But surprise, surprise not everyone thinks that the idea of a whole community reading one book at the same time is a good idea. If the average book group has critics then a book group this size is bound to have stirred up even more criticism. No less a personage than Harold Bloom has been one of the voices raised against the idea of the community book group model. He was quoted in the New York Times (2002) thus, ‘I don’t like these mass reading bees. It is rather like the idea that we are all going to pop out and eat Chicken McNuggets or something else horrid at once‘. Ever since I came across Bloom’s quote I have found myself wondering what the fastidious Oscar would have thought of being compared to a chicken nugget (of course it could have been worse: turkey twizzler anyone?). Alas poor Oscar. Sadly he is no longer here to think up a crushingly witty riposte to Mr Bloom’s trenchant opinion. The use of junk food as an analogy also put me irresistibly (and unfortunately) in mind of Paul Newman who once said, ‘why fool around with hamburger when you have steak at home?’. Does it then follow that a city wide book group is the literary equivalent of infidelity? An analogy too far perhaps? Either way I think Harold Bloom was being somewhat absurd with his analogy. He also seems to ignore the fact that there is more to these events than passively reading. Engagement with the city itself is often part of the experience, as I have said. You can get to know the author’s city on a walking tour or listen to a talk about the writer’s life and work. Of course if the city is reading work by a contemporary writer, (Sebastian Barry for instance) then author visits are usually part of the programme too. Many readers enjoy the chance to quiz writers on their work. I assume that writers get something out of it too (other than stage fright, that is). If you have a cynical turn of mind, you could point out that book sales increase as a result of the publicity.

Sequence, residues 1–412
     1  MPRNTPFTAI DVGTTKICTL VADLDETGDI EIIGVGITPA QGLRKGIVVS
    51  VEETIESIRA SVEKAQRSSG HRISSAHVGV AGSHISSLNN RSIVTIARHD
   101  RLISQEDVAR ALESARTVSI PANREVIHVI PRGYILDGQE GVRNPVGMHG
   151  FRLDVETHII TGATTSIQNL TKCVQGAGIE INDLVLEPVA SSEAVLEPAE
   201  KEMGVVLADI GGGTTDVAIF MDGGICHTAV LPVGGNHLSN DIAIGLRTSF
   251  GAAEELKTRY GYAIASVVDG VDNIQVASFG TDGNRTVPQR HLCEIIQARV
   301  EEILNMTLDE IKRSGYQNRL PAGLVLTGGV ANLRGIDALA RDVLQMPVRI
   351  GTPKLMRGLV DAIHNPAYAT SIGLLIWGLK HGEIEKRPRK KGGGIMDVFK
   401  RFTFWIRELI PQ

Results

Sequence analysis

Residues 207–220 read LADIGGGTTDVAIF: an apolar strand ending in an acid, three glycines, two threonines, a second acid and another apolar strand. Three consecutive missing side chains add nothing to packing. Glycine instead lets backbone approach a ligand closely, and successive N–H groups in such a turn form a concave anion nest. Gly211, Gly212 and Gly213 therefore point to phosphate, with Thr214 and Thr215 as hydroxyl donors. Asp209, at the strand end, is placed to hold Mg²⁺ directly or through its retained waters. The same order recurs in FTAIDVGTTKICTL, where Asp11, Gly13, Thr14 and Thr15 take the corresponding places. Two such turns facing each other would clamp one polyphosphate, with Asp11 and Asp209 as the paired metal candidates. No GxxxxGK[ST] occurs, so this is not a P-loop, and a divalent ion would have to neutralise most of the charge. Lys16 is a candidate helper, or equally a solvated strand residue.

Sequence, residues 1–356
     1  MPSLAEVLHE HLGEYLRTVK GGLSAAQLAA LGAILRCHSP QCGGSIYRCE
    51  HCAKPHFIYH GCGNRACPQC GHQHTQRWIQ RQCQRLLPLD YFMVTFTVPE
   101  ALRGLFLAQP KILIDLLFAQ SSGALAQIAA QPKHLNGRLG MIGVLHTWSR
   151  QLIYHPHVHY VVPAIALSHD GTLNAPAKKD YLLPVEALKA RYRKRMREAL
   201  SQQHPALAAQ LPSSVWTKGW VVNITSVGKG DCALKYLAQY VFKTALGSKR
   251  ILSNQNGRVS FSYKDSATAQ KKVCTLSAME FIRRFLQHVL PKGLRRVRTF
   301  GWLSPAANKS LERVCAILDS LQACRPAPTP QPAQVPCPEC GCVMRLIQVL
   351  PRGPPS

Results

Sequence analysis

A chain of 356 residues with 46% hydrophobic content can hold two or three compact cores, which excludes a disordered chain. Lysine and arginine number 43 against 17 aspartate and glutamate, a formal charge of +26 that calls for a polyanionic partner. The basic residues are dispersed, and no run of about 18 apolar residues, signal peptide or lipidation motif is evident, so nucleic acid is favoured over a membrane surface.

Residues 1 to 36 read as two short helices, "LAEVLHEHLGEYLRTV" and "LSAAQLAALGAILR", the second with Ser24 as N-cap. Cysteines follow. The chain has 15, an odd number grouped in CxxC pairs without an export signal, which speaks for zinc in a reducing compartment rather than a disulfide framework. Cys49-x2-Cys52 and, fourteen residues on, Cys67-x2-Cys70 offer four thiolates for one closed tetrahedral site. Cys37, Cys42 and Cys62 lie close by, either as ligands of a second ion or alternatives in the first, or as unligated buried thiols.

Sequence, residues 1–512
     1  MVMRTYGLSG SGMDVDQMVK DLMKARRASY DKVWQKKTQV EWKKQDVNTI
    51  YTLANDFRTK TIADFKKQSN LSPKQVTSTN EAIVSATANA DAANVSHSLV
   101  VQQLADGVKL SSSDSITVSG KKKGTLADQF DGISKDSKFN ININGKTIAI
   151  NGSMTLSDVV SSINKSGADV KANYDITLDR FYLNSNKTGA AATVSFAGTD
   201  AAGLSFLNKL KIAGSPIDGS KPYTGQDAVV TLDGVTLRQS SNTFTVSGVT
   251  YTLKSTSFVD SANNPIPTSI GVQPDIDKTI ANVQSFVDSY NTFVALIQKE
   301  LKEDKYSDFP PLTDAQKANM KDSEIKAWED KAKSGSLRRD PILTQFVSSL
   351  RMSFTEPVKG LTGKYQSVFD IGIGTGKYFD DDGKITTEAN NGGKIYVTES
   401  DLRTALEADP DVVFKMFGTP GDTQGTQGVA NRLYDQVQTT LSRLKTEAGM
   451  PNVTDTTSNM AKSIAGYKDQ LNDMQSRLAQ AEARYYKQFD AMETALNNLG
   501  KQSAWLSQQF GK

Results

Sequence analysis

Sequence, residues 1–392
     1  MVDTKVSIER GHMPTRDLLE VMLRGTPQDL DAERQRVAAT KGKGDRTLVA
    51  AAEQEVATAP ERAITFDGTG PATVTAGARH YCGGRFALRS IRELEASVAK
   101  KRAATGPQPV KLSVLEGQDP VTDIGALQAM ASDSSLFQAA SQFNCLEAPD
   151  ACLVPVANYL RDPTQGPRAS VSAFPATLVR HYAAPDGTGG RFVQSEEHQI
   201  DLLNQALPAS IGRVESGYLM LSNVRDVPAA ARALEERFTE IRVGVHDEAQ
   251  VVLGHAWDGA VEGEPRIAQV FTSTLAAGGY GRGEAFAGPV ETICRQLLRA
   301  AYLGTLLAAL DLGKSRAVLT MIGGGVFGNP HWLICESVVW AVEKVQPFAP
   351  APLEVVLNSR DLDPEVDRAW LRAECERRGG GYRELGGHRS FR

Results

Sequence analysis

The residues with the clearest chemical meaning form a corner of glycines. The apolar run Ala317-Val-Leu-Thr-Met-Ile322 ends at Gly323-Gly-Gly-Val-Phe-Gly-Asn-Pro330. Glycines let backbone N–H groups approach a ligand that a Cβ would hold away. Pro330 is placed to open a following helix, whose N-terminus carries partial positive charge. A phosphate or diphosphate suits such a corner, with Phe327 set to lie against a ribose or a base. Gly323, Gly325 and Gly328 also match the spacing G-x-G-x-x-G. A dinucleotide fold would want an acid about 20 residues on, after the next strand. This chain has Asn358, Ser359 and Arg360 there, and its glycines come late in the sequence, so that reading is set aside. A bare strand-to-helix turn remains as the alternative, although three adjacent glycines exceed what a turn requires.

Judging by the web site set up for the Dublin project (see www.dublinonecityonebook.ie) it seems pretty clear that a lot of people do enjoy getting involved in the mass read. Readers may be coming to some of these works for the first time or perhaps revisiting old favourites in the company of others. Comments are encouraged on the discussion area and it’s nice to see people taking up the literary challenge. The city libraries do a brilliant job in promoting reading through an event such as this. And that is really what it is all about, encouraging people to take up a book, read it and go on to read some more. And if at the same time you discover what else is available at the local library then so much the better. The event is surely worthwhile if it introduces a few more people to the pleasure of books and at the same time brings readers together. And in the process, the mass book group is ‘reclaiming the right to read from pointy-headed academics’ as John Sutherland has so wonderfully expressed it.
© Chris Mills March 2010